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Spring-time SurvivalSpring-time Survival

Spring, it’s the season of promise. With winter behind us we can start to look forward to longer days and better weather. But for the 20% of New Zealanders who suffer from hay fever, spring can signal the start of months of sneezing, itchy eyes and a streaming nose. So what’s the best way to cope?

Hay fever is a term used for allergic rhinoconjunctivitis occurring in spring and summer. As the name suggests, it is principally caused by grasses, although tree pollen can contribute a little, for a few weeks in late August. Unfortunately you don’t need to be around grass to get hay fever. Grass pollen can be blown on the wind for hundreds of kilometres, which means that even if you live in an apartment in the centre of Auckland, and suffer from hayfever, grass will still be the culprit!

Some of the symptoms of hay fever include sneezing; a runny or stuffy nose; itchy ears, nose and throat; red, itchy or watery eyes; and headaches. For some people, the symptoms of hay fever can be so severe they can’t sleep or concentrate, and they may feel tired and unwell.

So what to do? Many people go to a pharmacy when they have symptoms and take whatever is recommended on an as required basis, which is fine, if you only have occasional or mild symptoms, says Immunologist and Allergy Specialist Dr Andrew Baker.

If you suffer from moderate or quite frequent symptoms, though, Dr Baker recommends the following strategies:

1 Consider an ongoing treatment plan. In other words, use some treatment at the start of every day from September to February, in a proactive preventative approach. “This is much more effective than trying to rescue the situation once you’re plagued by symptoms."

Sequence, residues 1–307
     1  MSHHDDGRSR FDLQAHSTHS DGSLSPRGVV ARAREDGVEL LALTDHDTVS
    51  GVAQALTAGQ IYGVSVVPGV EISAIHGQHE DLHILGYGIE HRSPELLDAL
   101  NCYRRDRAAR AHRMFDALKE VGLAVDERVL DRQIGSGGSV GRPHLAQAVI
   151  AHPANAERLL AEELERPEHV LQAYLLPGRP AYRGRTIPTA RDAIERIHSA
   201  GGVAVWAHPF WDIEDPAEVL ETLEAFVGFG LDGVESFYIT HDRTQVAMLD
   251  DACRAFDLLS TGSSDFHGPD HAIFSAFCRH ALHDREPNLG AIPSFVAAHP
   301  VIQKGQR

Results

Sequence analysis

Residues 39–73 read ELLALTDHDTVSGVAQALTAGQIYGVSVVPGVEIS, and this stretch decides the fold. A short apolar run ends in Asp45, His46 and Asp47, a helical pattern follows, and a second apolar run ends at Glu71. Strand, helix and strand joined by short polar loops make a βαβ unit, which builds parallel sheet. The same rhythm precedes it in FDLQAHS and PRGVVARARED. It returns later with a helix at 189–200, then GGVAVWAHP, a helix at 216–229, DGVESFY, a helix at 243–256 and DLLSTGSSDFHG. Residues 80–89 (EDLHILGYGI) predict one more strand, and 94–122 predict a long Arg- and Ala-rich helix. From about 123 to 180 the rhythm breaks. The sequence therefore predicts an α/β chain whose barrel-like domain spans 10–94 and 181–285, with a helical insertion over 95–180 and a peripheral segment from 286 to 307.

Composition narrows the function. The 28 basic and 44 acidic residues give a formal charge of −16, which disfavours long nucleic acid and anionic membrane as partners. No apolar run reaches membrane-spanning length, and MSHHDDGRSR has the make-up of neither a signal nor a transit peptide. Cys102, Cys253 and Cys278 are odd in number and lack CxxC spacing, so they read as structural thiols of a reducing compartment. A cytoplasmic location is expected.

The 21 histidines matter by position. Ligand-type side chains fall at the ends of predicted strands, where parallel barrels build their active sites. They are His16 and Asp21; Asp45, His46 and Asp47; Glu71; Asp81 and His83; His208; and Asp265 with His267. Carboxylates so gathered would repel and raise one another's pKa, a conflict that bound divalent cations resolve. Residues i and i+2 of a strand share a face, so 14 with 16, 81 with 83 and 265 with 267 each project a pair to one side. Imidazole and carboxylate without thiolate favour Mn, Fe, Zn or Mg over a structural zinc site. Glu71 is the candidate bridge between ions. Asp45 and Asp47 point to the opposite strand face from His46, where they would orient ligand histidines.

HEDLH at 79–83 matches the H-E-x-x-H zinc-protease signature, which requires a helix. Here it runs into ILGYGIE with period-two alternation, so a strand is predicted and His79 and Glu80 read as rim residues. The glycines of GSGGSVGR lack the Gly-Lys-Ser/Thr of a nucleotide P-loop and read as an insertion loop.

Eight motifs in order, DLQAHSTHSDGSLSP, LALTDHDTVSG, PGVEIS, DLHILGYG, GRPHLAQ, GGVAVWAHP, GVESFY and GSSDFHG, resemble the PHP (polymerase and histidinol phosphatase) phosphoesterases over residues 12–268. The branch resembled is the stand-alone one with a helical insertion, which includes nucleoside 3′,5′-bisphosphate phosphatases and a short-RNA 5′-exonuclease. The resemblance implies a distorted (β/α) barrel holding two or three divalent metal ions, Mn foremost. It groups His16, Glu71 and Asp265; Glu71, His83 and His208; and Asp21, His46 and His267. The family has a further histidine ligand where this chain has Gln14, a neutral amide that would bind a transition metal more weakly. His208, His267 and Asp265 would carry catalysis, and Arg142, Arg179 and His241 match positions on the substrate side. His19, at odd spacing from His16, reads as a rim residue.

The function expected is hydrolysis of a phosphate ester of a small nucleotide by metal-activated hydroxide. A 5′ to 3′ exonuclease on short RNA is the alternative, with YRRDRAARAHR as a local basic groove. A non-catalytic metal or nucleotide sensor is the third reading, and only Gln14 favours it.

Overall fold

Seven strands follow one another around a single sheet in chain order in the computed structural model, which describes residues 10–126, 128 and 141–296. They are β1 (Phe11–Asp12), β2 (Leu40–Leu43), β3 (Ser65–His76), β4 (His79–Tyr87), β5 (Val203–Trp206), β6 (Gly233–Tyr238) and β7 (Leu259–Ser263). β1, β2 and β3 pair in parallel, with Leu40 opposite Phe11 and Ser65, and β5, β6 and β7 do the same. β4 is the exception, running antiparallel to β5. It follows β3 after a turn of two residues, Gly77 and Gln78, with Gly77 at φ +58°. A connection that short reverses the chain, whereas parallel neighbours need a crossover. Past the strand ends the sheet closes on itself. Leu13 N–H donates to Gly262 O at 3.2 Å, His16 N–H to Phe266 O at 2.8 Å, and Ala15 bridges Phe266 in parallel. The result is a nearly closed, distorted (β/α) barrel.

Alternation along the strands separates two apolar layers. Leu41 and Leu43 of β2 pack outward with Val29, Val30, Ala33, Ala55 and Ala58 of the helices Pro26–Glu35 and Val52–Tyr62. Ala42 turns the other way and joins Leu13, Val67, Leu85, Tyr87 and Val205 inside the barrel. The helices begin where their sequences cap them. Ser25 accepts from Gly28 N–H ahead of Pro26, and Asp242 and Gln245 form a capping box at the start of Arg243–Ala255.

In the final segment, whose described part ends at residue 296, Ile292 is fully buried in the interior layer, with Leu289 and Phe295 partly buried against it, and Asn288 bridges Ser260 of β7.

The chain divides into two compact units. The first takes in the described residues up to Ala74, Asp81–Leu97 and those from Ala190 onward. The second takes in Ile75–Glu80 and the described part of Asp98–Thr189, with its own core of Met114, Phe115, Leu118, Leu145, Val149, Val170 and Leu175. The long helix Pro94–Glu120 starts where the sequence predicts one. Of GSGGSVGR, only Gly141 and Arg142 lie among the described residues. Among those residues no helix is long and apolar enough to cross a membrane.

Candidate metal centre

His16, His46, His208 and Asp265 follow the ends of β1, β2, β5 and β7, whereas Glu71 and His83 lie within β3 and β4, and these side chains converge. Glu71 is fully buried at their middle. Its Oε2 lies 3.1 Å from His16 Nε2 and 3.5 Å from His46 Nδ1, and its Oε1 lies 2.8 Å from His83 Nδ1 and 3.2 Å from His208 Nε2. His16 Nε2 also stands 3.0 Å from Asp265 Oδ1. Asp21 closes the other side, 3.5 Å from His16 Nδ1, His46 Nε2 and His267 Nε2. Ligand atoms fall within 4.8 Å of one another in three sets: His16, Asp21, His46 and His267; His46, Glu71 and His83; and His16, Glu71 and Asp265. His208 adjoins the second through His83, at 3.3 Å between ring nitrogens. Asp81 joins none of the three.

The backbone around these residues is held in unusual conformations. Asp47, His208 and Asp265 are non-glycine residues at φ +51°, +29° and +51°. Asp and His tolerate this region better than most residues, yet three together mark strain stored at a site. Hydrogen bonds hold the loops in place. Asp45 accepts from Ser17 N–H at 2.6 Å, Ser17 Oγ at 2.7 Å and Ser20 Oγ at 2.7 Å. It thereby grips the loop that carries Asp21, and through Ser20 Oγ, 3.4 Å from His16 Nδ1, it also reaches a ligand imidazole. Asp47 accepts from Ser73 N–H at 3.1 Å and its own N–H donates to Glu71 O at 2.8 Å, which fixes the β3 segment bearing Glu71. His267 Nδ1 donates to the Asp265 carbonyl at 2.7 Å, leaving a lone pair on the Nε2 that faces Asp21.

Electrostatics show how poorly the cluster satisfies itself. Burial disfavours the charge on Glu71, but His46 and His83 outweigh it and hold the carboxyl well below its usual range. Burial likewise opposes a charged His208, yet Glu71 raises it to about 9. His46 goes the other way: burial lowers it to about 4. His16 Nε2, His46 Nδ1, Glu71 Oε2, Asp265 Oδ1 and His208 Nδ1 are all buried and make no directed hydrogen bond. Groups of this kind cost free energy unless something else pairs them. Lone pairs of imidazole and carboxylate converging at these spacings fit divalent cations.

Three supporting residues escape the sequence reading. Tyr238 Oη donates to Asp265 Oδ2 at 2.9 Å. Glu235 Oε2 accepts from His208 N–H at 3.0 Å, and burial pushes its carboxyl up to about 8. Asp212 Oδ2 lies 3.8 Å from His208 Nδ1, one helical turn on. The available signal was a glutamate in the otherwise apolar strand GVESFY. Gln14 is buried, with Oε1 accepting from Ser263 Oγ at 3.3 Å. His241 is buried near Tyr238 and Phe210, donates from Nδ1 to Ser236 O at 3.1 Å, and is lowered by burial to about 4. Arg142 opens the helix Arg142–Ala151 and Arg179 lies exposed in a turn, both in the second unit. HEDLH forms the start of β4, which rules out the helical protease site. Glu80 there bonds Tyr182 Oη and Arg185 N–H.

2 Use a steroid nasal spray regularly. Brands such as Flixonase are used as a local treatment, to help both the nose and the eyes, with minimal absorption (1%) into the rest of the body. Quality of life can be transformed if a steroid nasal spray is used daily during spring and summer. Steroid sprays are slow to start working so don’t expect to feel better straight away. Dr Baker advises using it daily from September to February, and then deciding at the end of the season whether it helped or not.

3 Seek evidence-based advice. Make an appointment to see a specialist health professional, such as an Immunologist. “The number of people who are given substandard advice is unfortunately very high,” says Dr Baker. “Frequently, the details of how treatment is administered makes all the difference to getting your quality of life back.”

4 Consider desensitisation (see magazine p6). Also known as immunotherapy, or allergen immunotherapy, desensitisation is the best treatment for hay fever (and for all forms of rhinitis, such as dustmite or pet allergies). The only treatment that can decrease the underlying allergic tendency, the effects of desensitisation can be life-changing in terms of quality of life. There are different forms of desensitisation, including daily tablets or liquid taken under the tongue, and monthly injections. All treatments run for 3-5 years, and the benefits continue for a number of years after the treatment finishes.

5 Plan ahead. Take antihistamines before big exposures to grass pollen, for example if you’re planning a walk in the country on a windy day in November. Cetirizine tends to be more effective than loratadine, but cetirizine can make around 10% of people drowsy. Also, keep the car air intake vents on recycle on peak hay fever days, such as windy days in October, November and December.

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Issue: Spring 2017